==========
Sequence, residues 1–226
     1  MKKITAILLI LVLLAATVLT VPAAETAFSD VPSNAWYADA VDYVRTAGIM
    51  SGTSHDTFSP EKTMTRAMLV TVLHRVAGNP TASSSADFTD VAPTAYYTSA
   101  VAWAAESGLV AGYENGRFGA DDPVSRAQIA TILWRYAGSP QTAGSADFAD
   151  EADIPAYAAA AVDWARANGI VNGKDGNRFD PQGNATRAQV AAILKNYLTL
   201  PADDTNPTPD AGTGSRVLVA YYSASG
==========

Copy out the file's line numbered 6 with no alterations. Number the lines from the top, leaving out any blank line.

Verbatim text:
   201  PADDTNPTPD AGTGSRVLVA YYSASG